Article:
AFDB to boost entrepreneurship in Nigeria, plans to empower 75m youths in 10 yrs
THE AFRI CAN DEVELOP MENT BANK (AfDB), through its Jobs for Youth in Africa (JfYA) strategy to create 25 million jobs and empower 50 million youths with demand-driven skills within 10 years (2016–2025) across Africa, has secured the collaboration of key Nigerian sector players including the Federal Ministry of Labour and Employment, Siemens, GE, MasterCard Foundation, World Bank, and Nigerian Economic Summit Group (NESG).
To this end, the AfDB, in conjunction with the National Universities CommisAS sion (NUC), Federal Ministry of Labour and Employment, Siemens, GE, MasterCard Foundation, World Bank, and Nigerian Economic Summit Group (NESG) held a breakfast session at the ongoing 24th Nigerian Economic Summit themed, “Education to Employment – Mind the Gap.”
The breakfast session specifically deliberated on the need to revamp the curriculum in tertiary institutions, the need to equip potential graduates and the need to upskill graduates to meet current employment standards.
The discussions ended with an MoU–signing ceremony between the NESG and NUC to formalize private sector collaboration to revamp employability and entreprether skills education, STEM and Engineering.
Chris Ngige, the Nigerian minister of labour and employment in his remarks at the session highlighted the urgent need for collaboration to tackle the youth unemployment crisis in Nigeria.
“Insecurity challenges are symptoms of the dire state of unemployment and frustration of the Nigerian youth.
The urgency to support job creation in Nigeria must be accompanied with the right synergies, as these problems cannot be solved in silos. The Ministry has committed to working with partners across the private, social and public sectors to create jobs for young Nigerians,” Ngige said.
The unemployment rate in Nigeria stands at 18.8 percent. Among the youth (15-35 years), the figure is significantly higher as combined unemployment and underemployment rate gross 22.64 million individuals, translating to 52.65 percent of the entire youth labour force i.e. people who are willing and able to work.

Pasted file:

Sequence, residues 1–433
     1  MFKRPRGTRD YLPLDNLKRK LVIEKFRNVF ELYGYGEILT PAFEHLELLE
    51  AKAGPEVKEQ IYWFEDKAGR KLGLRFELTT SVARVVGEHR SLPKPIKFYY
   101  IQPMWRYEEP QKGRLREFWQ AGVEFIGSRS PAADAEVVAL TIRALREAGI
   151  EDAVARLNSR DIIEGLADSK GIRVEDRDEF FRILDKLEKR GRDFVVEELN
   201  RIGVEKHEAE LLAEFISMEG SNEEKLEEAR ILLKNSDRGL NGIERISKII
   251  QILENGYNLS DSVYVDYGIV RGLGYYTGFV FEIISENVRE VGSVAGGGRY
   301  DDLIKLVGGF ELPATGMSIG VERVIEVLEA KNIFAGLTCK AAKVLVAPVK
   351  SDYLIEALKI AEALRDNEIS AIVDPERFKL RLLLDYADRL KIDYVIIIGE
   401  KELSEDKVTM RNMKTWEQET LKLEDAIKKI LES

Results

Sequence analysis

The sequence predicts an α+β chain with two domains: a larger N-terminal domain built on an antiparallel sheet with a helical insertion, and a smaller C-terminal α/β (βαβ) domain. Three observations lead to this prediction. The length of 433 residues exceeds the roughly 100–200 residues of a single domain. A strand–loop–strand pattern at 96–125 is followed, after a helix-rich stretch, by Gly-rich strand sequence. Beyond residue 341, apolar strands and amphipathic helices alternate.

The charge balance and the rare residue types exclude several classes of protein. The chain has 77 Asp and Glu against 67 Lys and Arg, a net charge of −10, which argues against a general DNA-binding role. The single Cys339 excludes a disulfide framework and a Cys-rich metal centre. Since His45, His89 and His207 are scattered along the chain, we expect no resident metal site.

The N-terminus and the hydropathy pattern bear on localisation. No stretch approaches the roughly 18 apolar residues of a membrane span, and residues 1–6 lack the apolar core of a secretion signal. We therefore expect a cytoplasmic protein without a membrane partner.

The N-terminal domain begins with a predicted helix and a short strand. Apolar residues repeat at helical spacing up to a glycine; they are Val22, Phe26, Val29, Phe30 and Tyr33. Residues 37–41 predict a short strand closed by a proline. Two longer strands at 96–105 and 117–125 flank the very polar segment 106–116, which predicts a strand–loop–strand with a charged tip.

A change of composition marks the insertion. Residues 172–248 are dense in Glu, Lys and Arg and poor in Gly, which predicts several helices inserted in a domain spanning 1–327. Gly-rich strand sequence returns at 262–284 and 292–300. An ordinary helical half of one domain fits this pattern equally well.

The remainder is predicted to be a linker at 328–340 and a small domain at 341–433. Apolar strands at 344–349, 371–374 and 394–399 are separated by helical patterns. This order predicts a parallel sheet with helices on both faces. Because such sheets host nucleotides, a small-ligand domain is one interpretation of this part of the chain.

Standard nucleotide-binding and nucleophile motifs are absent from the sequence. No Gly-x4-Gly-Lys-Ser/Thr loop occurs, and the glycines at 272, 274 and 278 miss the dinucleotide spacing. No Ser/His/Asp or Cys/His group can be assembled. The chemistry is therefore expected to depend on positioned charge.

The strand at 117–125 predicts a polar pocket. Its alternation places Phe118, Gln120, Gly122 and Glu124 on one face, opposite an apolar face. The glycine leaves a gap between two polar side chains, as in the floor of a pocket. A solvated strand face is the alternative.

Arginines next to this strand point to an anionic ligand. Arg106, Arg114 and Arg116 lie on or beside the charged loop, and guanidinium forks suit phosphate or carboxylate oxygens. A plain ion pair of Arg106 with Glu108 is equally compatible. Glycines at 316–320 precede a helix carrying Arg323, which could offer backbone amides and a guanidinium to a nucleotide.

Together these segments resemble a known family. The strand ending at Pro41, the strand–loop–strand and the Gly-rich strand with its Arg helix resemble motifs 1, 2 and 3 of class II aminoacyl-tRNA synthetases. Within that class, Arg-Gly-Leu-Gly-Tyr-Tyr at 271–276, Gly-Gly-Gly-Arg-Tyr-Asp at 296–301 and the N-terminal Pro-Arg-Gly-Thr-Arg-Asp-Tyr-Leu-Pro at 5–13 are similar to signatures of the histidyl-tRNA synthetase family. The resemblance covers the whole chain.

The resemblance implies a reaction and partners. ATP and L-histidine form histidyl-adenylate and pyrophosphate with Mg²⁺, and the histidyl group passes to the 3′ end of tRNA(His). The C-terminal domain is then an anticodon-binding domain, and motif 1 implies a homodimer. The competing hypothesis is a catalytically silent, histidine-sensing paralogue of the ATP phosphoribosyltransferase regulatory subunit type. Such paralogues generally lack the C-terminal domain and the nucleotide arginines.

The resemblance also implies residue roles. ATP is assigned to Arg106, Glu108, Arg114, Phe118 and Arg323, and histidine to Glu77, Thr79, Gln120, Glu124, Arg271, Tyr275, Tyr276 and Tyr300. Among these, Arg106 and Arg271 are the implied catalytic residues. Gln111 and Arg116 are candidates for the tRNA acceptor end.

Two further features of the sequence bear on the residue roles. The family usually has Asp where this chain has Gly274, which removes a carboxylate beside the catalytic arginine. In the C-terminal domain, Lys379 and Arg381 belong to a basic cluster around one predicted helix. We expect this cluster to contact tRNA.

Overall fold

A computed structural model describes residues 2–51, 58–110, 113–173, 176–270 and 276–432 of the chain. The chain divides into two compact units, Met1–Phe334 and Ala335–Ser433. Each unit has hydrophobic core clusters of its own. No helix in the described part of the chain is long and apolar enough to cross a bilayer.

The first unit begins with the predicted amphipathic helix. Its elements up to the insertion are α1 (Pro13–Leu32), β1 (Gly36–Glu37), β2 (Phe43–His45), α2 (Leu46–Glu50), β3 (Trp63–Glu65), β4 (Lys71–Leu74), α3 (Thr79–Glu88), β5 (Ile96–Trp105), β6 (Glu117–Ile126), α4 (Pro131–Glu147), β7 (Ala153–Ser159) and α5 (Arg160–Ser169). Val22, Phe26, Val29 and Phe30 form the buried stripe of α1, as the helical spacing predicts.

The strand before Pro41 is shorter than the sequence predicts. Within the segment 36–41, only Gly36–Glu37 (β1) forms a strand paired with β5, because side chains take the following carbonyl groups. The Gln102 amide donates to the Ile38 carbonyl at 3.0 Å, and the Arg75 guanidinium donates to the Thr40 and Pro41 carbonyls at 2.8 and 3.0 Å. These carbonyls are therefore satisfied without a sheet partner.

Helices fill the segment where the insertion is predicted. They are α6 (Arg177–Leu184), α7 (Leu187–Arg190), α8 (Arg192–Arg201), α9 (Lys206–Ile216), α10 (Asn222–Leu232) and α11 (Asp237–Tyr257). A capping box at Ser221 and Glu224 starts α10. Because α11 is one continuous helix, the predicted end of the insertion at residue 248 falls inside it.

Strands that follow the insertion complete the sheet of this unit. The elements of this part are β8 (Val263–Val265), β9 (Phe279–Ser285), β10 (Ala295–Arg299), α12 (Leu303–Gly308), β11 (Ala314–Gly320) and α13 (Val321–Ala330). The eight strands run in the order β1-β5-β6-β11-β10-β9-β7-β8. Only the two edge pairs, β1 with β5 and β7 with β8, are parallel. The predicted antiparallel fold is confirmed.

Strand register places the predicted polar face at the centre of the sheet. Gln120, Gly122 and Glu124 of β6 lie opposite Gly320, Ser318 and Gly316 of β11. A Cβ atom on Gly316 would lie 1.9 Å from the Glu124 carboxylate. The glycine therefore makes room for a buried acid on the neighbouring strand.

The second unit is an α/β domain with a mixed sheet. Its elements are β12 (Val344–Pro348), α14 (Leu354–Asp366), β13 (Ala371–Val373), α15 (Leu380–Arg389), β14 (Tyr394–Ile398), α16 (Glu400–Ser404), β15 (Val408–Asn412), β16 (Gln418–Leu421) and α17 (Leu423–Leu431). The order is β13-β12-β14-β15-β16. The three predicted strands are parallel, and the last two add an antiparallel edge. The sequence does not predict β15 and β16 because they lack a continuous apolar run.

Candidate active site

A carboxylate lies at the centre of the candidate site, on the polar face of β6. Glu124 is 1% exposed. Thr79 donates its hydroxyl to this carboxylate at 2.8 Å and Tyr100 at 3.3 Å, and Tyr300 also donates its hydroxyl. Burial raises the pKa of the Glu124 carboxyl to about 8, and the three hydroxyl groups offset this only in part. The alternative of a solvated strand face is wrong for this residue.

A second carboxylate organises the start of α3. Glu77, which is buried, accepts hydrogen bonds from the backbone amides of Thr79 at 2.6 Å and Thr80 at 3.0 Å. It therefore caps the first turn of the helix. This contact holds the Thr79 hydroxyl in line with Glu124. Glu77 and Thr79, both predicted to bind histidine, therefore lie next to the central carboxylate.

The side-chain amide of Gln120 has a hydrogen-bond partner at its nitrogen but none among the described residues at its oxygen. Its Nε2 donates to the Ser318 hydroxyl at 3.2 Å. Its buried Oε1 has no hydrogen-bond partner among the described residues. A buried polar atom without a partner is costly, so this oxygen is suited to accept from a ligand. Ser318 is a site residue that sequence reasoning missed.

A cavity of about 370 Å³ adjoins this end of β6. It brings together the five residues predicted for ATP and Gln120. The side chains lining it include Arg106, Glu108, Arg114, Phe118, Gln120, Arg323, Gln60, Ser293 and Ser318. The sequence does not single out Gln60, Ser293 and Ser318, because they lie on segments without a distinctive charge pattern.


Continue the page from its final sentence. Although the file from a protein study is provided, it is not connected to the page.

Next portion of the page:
The rate of unemployment tends to be higher for people that have post-secondary school education - 31.8 percent unemployment rate and 50 percent combined unemployment and underemployment in Q3 2017. This is because graduates tend to prefer fewer in supply whitecollar jobs rather than often rural, seasonal and low skilled-lower paying blueThe collar jobs that are more in supply.
According to Ebrima Faal, the AFDB’s senior country director-Nigeria the bank understands that partnerships and collaborations are the bedrock of success and the drivers of sustainable impact.
“Partnerships within and outside the private sector are already beginning to address some of the challenges within the unemployment space.
We will continue to work to facilitate the partnerships necessary to deepen this impact through our Jobs for Youth in Africa (JfYA) initiative as we collaborate to solve the youth unemployment problem in Africa,” Faal said.
Speaking on behalf of NESG’s Laoye Jaiyeola, the chief executive officer, said, “the NESG has committed to pool all actors together under a collaborative model, to ensure that interventions are holistic and are of scale to address our challenges.
signing of the MoU between the NESG and the NUC – the first of its kind in Nigeria signals a new way forward, one that entails collaboration and action on the skills development agenda,” he said.
JFYA initiative was launched at the Bank’s Annual Meetings in May 2016 in Lusaka, Zambia with the aim of supporting African countries in scaling up responses to the youth unemployment and underemployment crisis.
The strategy responds to the transformational agenda laid out in the Bank’s Ten-Year Strategy (2013-2022), aligned with its High-5 priorities.
It is also in line with the vision of the Bank’s Human Capital Strategy (2014-2018) to ‘harness the potential of 1 billion Africans by building skills and promoting technologies to provide better jobs, ensure equal opportunities and increase workforce competitiveness.